Hypoxia. Department of pathophysiology Basic Medical Science college. Air. Alveoli. Alveolar capillary. Gas transport. Tissue cells. Bound to haemoglobin. Internal respiration. Respiration and oxygen exchange. Ventilation. External respiration. Gas exchange. T ables of content.
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Department of pathophysiology
Basic Medical Science college
Bound to haemoglobin
Respiration and oxygen exchange
Hypoxia is referred to a pathological process in which oxygen supply to tissues or organs is inadequate to meet the demand of cells, or there is adequate delivery to tissue but the tissue cells cannot make use of oxygen, leading to changes in functions, metabolisms and structures of cells and tissues of the body.
PO2 is the pressure or tension caused by oxygen physically dissolved in the blood.
PaO2: The partial pressure of oxygen in the plasma phase of arterial blood.
The PaO2 gives us valuable information about adequacy of gas exchange within the lungs, when it is subtracted from the calculated alveolar PO2.
PvO2: The partial pressure of oxygen in the plasma phase of venous blood.
The PvO2 is determined by whole body oxygen demand, and the capacity of the tissues to extract oxygen.
PaO2: 13.3kPa(100mmHg)；PvO2: 5.32kPa(40mmHg)。
CO2max Is the maximum amount of oxygen combined by Hb in 100ml blood under fully saturated condition in which the PO2 is 150mmHg, PCO2 40mmHg, and the temperature is 38℃.
CO2max: 8.92mmol/L (1.34ml/g×15gHb% =20ml%)。
The ability of Hb to carry O2.
The total amount of oxygen contained actually in 100 ml blood
sample, including the part combined with Hb and the part
physically dissolved in plasma.
CO2 = PaO2 + CO2max。
The difference value is between arterial and venous blood oxygen
A-VdO2 ≈ 2. 23～3.57mmol/L(5ml%～8ml%)。
A-VdO2 = volume of O2 tissue uptake = CaO2-CvO2
The percentage of hemoglobin present as oxyhemoglobin
SO2% = CO2 – O2 dissolved physically in plasma/ CO2max
The degree of connected Hb to oxygen
One measure of the position of the curve is the PO2 at the 50% SO2.
The P50 indicates affinity of hemoglobin for oxygen
H+, CO2, temperature,
Classification and Etiology
Hemic Hypoxia (Isotonic Hypoxia)
Circulatory Hypoxia(Hypokinetic Hypoxia)
Histogenous Hypoxia(Histotoxic Hypoxia)
oxygen tension in arterial blood is lower than normal,
which resulted in lack of oxygen from blood to tissues.
Causes : 1) Decreased PO2 of inspired air
2) External respiratory dysfunction
3) Venous-to-arterial shunt
Characteristics of blood oxygen
PaO2↓, SaO2↓, CaO2 ↓, CO2max N, CaO2-CvO2 ↓/N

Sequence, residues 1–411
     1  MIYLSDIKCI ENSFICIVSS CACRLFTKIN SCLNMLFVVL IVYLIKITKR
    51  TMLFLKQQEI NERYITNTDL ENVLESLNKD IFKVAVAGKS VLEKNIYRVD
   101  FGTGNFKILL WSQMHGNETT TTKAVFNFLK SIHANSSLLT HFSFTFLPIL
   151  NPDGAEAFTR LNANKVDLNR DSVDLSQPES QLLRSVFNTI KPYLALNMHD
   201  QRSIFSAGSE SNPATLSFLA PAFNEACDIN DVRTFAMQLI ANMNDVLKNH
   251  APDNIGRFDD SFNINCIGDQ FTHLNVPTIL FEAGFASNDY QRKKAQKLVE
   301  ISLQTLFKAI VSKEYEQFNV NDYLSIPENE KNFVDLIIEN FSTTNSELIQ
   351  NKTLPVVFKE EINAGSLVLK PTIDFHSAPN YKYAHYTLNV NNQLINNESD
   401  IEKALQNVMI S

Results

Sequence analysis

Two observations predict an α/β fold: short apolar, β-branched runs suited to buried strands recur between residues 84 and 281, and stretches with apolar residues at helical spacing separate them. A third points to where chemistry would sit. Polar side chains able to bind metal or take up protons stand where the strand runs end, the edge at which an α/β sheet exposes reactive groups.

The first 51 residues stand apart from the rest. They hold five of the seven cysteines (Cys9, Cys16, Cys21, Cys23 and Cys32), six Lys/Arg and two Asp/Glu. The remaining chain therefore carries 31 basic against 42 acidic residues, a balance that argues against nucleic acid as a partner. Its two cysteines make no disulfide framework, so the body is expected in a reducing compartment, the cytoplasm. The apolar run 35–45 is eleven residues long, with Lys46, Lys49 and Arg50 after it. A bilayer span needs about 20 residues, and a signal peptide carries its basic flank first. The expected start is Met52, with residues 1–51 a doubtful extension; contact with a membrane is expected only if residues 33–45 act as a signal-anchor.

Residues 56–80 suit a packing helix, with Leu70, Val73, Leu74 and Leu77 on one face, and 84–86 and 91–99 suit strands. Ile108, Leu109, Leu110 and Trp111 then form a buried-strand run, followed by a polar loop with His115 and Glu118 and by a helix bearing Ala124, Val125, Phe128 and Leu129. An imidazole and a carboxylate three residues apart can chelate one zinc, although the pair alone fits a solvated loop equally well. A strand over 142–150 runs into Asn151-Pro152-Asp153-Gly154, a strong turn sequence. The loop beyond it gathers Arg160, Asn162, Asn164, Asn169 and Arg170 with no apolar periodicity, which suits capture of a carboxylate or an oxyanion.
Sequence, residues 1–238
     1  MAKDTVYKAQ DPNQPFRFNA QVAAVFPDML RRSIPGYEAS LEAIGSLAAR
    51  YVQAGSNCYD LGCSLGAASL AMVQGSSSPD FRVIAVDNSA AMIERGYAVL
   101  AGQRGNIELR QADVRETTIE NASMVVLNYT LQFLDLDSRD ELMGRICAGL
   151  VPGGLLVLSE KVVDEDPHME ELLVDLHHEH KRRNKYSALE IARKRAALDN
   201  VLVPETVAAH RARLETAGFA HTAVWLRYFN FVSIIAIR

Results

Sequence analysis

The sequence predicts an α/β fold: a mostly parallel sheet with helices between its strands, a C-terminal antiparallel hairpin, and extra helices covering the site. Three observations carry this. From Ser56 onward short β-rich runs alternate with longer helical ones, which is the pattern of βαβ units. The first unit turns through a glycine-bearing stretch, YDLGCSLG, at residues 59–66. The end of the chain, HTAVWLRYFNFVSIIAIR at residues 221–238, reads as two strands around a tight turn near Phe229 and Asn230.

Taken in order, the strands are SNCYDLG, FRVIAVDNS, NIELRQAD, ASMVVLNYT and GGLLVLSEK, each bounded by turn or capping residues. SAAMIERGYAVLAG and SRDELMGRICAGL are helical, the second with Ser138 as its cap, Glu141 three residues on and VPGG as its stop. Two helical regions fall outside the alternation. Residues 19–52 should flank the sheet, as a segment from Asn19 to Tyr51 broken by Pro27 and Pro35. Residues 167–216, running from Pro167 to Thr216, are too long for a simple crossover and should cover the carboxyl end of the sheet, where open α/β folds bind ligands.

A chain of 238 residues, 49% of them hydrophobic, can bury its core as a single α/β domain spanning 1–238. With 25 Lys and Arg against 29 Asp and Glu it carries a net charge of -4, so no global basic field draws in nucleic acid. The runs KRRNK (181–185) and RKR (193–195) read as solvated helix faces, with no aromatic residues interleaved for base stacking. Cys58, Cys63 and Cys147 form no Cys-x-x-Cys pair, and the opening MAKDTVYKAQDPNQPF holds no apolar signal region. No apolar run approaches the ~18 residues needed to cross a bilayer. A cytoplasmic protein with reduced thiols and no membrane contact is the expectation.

The bluish color of skin, nails, lips and mucous membranes when the deoxyhemoglobin concentration of the blood in the capillaries is more than 5g/dl。
Hemic hypoxia refers to the altered affinity of Hb for oxygen or
decrease in amount of Hb in the blood
（2）Higher affinity of Hb to oxygen
（3）Carbon monoxide poisoning
High affinity of Hb for O2
CO can react with Hb to form carboxyhemoglobin which can not take up oxygen. So there is a deficiency of Hb that can carry oxygen.
CO can inhibit glycolysis in RBC, which reduces the production of 2,3-DPG and shifts the ODC to the left, decreasing the amount of oxygen released.
When a lot of pickled vegetables containing nitrate are taken, the reabsorbed nitrite reacts with HbFe2+ to form HbFe3+. The skin appears to coffee color. This phenomenon is called enterogenous cyanosis.
PaO2 N, SaO2 N, CaO2 ↓/N, CO2max ↓/N, CaO2-CvO2 ↓
Severe anemia : pallor
CO poisoning : cherry red
Methemoglobinemia: coffee color
Circulatory hypoxia refers to inadequate blood flow leading to inadequate oxygenation of the tissues, which is also called hypokinetic hypoxia.
Etiology and mechanism
shock, left heart failure, thrombosis, arterial stenosis
right heart failure
Characteristics of blood oxygen：
PaO2 N, SaO2 N, CaO2 N, CO2max N, CaO2-CvO2 ↑
Histogenous hypoxia refers to the tissue cells can not make use of the oxygen supplied to them, though the amount of oxygen delivered to them is adequate.
Etiology and mechanism
Inhibition of oxidative phosphorylation - tissue intoxicity
cyanides, sulphuret, rotenone, ( cytochrome oxidase)
bacteriotoxin, radiation, free radical
Absence of Vitamin
Vit B1, Vit B2, Vit PP ，co-enzyme
Characteristics of blood oxygen：
PaO2 N, SaO2 N, CaO2 N, CO2max N, CaO2-CvO2 ↓
Changes of Blood Gas
Central nervous system
Tissues and cells
1. Compensatory response：
Low PaO2 stimulates the chemoreceptor in carotid and aortic body, which reflexly causes ventilation to increase.
PO2 → ventilation
2. Decompensatory effects:
1）High altitude pulmonary edema
2）Central respiratory failure
respiratory inhibition, irregular respiratory rhythm and frequency, hypoventilation, e.g. periodic breathing, Cheyne-Stoke respiration, Biot’s breathing
Humoral factors — AT、ET
Direct effect of O2 on SMC
Capillary proliferation --- VEGF
2,3-DPG binding site
blood flow resistance ↑,
afterload of heart ↑
When PO2 is low markedly, 2,3-DPG will cause CaO2 to decrease.
headache, agitation, poor faculty of memory, inability to make judgment, depress or loss of coordination
2. Chronic hypoxia:
impaired concentration, fatigue, drowsiness
3. Cerebral edema and neuron injury
1)Cell membrane injury
Na+ influx cell swelling
K+ efflux synthetic disorder
Ca2+-dependent protein kinase
2. Mitochondria injury severe hypoxia
3. Lysosome injury
Hyperbaric oxygen therapy